History & Operations


Preston Power Plant 1906 (center foreground)

The Preston Public Utilities was originally established to serve the electric needs of the community. The northern-most part of the current power plant dates to 1896. At that time, the community's electricity was generated by an A.L. Ide & Sons steam engine. The first Fairbanks-Morse diesel generator was purchased in 1935. As electric demand grew, the PPU continued to add generators until a total of six units was reached. These generators supplied the electrical demand of the City until 1962 when the City connected to the outside power grid. Three Fairbanks-Morse generators remain in the power plant and serve as peaking/emergency generation for the City. The power plant's current capacity of 4 megawatts is adequate to meet the electrical demands of the City.

In the 1981, PPU joined the newly formed Southern Minnesota Municipal Power Agency (SMMPA). This organization, now made up of 18 municipally-owned utilities, has helped PPU maintain a high level of reliability and low competitive rates.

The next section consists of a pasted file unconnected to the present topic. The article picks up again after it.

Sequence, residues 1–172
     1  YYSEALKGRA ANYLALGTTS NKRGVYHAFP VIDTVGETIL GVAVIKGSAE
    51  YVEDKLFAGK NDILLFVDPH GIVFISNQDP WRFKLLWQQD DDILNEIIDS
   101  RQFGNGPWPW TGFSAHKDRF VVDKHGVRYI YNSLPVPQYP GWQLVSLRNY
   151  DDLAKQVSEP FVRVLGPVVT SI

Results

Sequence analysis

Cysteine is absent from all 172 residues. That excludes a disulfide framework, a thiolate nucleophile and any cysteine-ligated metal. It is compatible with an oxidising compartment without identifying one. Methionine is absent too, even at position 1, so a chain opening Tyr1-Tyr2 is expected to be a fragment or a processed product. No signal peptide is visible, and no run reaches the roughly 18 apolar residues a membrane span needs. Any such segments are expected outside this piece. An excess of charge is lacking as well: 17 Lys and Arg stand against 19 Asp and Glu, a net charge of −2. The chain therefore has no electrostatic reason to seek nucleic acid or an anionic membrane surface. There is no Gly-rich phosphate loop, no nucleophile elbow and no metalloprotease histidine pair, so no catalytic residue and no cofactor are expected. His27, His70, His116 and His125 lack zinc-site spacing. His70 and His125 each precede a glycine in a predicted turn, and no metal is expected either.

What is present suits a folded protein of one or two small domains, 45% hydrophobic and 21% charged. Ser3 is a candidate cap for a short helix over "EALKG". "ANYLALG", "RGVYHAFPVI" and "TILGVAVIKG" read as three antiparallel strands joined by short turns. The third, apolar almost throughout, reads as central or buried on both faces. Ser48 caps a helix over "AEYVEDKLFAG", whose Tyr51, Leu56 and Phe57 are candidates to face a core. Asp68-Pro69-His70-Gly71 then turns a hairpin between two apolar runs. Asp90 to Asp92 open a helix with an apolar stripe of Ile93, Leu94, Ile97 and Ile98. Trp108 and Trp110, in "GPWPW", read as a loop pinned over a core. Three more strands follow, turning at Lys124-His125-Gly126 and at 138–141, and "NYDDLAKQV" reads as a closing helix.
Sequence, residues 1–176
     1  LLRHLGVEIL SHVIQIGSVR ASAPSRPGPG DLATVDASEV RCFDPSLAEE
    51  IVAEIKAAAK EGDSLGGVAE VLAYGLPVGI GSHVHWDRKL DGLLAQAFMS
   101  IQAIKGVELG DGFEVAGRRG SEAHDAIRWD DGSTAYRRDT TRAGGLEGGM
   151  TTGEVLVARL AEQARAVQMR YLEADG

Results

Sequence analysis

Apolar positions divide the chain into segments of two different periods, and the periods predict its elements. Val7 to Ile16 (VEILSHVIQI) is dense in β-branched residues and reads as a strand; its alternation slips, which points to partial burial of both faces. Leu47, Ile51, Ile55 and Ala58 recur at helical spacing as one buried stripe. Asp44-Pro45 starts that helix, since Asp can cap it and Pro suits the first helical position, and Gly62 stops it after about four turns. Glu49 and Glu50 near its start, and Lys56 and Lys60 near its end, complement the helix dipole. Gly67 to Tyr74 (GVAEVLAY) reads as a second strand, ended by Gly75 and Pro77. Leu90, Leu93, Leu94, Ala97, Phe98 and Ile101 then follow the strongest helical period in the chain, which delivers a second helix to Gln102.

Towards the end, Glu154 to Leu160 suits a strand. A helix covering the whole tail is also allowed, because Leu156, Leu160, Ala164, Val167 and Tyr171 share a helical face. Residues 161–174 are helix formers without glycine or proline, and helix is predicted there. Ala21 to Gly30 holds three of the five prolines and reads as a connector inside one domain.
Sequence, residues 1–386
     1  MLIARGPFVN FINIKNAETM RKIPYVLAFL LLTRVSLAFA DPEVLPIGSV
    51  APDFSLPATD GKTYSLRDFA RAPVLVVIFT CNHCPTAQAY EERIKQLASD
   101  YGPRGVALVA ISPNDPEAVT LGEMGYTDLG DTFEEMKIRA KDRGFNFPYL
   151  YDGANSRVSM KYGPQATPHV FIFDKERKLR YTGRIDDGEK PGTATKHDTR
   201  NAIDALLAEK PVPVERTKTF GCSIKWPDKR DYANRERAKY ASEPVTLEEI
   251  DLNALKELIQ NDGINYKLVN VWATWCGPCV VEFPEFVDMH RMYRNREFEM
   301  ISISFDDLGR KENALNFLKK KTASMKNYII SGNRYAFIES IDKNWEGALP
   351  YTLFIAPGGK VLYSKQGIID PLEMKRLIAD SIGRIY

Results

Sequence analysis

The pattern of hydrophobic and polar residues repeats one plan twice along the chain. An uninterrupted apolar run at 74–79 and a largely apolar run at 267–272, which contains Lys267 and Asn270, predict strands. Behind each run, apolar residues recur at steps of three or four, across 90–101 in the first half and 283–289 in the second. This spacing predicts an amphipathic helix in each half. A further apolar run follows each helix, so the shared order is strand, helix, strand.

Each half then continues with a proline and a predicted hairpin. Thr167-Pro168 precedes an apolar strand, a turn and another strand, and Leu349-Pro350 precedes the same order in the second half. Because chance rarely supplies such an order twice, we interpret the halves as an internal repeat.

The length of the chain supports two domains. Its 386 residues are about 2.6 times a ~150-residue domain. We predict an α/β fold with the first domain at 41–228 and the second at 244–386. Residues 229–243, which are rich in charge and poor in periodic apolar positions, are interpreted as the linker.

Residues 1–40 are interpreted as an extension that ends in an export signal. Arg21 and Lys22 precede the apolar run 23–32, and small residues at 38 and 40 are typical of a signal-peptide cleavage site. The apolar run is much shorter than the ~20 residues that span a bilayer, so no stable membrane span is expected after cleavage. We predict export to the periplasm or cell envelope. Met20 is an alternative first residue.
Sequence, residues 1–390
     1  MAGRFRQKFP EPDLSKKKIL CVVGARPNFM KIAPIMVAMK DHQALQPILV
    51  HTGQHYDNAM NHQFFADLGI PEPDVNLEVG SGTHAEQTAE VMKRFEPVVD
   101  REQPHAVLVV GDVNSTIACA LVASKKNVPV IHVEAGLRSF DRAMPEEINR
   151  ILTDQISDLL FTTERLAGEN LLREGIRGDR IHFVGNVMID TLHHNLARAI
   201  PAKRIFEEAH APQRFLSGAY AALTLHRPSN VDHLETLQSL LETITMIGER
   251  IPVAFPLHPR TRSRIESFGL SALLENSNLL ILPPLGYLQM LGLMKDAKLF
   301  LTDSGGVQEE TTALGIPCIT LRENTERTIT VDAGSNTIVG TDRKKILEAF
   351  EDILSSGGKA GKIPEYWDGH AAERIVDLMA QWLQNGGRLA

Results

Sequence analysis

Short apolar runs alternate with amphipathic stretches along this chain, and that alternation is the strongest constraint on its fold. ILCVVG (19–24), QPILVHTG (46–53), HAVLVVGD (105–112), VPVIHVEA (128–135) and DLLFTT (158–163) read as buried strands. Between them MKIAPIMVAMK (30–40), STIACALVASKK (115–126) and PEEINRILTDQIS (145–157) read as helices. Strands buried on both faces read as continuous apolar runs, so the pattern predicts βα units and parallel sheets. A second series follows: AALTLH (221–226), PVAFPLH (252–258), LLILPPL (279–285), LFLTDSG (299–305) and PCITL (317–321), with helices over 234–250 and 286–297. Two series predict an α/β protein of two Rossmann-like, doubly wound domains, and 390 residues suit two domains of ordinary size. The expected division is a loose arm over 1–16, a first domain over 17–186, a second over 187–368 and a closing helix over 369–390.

Preston's electrical system is fed by two 69,000 volt transmission lines. Electricity is distributed through two substations and approximately 15 miles of primary (4160 volts) and secondary (120/240 volts) lines.


In addition to the electric utility, PPU also operates the water and wastewater system within the community.

The water system is supplied by three wells that are located throughout the community. Water storage is handled by two above ground tanks with a total capacity of 500,000 gallons.

The community's wastewater is treated at the wastewater treatment plant located near the fairgrounds. On average, the facility treats 250,000 gallons of wastewater each day.

 

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